The other night I went to see a movie all by myself. In a movie theater! As I walked by the Paris Theater in New York City on my way to work one day, I saw that The Last Station was playing there and decided, on a lark, to see it after work. I hadn’t read a review of it, didn’t even know if it had a happy ending or not. But the fact that Christopher Plummer (the Baron from The Sound of Music) and Helen Mirren were in it—and there was a picture of them, as old people, in bed with happy faces—made me desperately want to see it. Go figure.
It turns out Christopher Plummer plays Tolstoy, the author of War and Peace and Anna Karenina. And Helen Mirren plays his wife. The essence of what the movie is about is Tolstoy’s struggle to balance his desires as a philosopher and writer with his love for his wife, who has been his partner in every way up until his last years. I don’t want to spoil it for you, except to say that it is a gorgeous, gorgeous movie that is funny, sad, and quite surprising, and meets highly with my approval.
And it’s one of those movies that stays with me in a good way, that I keep thinking about as I fall asleep, and at odd moments during the day. I think about how life in 1910 before cars and electricity and phones was so very, very lovely. I think about being a writer, and having followers who take on your meaning as their own, sometimes in good ways, and sometimes in bad ways. But most of all, I think about love, and the power of love, and how love really hasn’t changed too much over time, except that it is now more possible for more people.
And then I think about how 10 or 15 years ago, all the talk in women’s magazines was that there were no “good movie roles for older women.” That was before the world knew about Helen Mirren. I still quake at the power of her portrayal of Queen Elizabeth II in The Queen. What I love most about her is that she hasn’t tried to use surgery to continue to look young, and she doesn’t try to fit herself into roles that aren’t appropriate. As a result, she looks better than young—she looks fully, richly alive.
Anyway, The Last Station is a really good movie. If you get a chance, go see it!
You’re right – now that the baby boomers are booming into middle-age and beyond, it is refreshing to see movie roles for “older women.” And more roles for older men, too. A big difference is that now movies can feature a mature person as the main character. Used to be, an older character almost always played a secondary role as grandmother or aging mentor. Good to see them as fully rounded characters in these films.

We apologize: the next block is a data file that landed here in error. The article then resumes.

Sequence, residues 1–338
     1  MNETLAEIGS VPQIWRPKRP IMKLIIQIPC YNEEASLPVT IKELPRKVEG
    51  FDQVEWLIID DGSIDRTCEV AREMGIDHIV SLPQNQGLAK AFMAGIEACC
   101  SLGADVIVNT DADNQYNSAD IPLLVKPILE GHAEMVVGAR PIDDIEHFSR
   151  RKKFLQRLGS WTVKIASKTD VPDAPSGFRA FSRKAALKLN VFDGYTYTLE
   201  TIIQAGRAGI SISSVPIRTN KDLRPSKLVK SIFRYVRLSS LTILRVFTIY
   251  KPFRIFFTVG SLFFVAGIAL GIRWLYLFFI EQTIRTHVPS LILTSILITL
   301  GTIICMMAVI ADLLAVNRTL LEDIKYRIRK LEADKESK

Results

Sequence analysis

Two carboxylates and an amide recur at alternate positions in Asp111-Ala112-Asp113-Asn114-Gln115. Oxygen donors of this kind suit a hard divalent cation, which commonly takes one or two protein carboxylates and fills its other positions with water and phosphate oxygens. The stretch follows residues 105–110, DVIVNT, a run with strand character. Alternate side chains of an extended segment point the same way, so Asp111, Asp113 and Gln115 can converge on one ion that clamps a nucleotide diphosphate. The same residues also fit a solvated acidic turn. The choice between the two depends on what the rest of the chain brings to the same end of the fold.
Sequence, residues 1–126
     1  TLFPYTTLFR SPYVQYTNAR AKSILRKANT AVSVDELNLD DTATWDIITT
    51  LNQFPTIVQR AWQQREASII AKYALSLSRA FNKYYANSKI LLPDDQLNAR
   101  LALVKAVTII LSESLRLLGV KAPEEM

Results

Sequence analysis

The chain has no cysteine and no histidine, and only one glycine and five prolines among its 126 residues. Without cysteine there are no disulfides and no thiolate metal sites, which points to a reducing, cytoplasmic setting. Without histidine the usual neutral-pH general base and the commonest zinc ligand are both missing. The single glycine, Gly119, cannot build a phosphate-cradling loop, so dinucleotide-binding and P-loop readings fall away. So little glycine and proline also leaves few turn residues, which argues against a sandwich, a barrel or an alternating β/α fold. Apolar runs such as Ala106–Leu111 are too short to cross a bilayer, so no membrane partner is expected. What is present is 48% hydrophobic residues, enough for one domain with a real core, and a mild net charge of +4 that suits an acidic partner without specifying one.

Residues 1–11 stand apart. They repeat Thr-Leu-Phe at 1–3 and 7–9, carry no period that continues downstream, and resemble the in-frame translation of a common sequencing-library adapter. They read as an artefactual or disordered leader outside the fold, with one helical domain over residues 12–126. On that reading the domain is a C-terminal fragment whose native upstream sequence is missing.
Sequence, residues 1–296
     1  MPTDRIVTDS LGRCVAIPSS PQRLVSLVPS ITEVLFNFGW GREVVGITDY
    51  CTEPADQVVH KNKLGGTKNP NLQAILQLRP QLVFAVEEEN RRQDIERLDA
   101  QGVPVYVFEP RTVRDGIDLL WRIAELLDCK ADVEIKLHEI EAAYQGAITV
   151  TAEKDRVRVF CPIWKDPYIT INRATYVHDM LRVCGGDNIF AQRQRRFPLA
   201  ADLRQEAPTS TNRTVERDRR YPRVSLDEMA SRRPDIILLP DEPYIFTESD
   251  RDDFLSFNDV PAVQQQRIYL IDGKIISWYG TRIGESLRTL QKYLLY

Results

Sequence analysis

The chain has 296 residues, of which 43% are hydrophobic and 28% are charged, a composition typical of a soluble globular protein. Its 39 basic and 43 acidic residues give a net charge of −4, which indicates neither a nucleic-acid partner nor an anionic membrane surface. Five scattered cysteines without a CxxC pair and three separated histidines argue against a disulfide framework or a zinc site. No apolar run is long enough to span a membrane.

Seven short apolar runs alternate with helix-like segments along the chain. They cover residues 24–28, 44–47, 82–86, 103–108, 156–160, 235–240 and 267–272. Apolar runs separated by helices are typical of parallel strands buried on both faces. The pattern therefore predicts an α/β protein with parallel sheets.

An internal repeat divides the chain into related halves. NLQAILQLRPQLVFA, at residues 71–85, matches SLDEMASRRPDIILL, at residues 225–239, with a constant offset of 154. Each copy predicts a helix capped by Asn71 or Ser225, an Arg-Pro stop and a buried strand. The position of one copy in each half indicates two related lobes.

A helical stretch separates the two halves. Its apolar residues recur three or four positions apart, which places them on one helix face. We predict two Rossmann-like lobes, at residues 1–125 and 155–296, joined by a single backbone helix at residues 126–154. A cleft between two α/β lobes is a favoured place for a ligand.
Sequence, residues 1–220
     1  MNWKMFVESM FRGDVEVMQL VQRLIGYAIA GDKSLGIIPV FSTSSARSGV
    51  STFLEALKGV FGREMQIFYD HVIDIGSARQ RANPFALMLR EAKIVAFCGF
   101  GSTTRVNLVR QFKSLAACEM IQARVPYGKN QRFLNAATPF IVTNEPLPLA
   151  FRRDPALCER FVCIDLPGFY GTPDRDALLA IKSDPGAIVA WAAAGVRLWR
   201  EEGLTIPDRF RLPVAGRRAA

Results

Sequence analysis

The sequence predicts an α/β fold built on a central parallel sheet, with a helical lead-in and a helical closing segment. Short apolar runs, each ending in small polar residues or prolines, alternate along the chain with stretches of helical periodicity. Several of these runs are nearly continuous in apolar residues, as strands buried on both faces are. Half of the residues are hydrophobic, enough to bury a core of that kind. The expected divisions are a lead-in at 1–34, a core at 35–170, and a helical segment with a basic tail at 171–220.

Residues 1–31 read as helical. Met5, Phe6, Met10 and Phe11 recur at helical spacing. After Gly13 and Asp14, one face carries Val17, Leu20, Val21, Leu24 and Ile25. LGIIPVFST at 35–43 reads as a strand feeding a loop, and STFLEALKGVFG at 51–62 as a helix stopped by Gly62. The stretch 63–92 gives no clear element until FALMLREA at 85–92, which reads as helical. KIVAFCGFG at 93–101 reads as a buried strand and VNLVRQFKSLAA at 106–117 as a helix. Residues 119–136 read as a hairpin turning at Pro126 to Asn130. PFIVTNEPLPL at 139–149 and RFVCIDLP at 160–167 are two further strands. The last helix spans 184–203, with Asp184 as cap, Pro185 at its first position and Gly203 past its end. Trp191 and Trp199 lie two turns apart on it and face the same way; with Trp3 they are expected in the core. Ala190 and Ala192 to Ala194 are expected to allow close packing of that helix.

It’s interesting because my husband and I were talking in bed one night last week about what I felt of the difference between beauty in the past and what is considered beauty today. We were, of course discussing women in all walks of life. To make a long discussion short, I said that from my observance over the years, and traveling so much, most of the women in Europe and other parts of the world do not get as much plastic surgery, tucks, permanent makeup and other treatments to stay or look young as we do in America. These women tend to want to age gracefully and ususally do. They don’t be walking around in 4 inch heels at 65 and 70 years of age with skirts past their knees, even if they had the body to show. These women act their age but with a flair and sophistication. I’m am speaking mostly of Western nations. The poorer nations can’t afford these beauty treatments and surgeries. They are not doing to themselves, like say, Joan Rivers, who looks like a living corpse. Why can’t we just age gracefully and let the years tell our stories for us. Don’t get me wrong, there is nothing wrong with trying to improve your appeareance as long as you do go overboard. Creams, lotions, tonics and eating properly with exercise is the way to do it. Not constant surgeries! I was,like Maria, in awe of the performance of Helen Mirren in The Queen. She is also quite qood as a detective in a series on Masterpiece Theater. I believe that series has ended, but if you missed it, you’ve really missed something!
Pardon my errors, I accidentally hit send before I could correct errors or finish.
Looking forward to seeing this movie and really appreciate your review, BUT WHOA . . . better than Anna Karenina?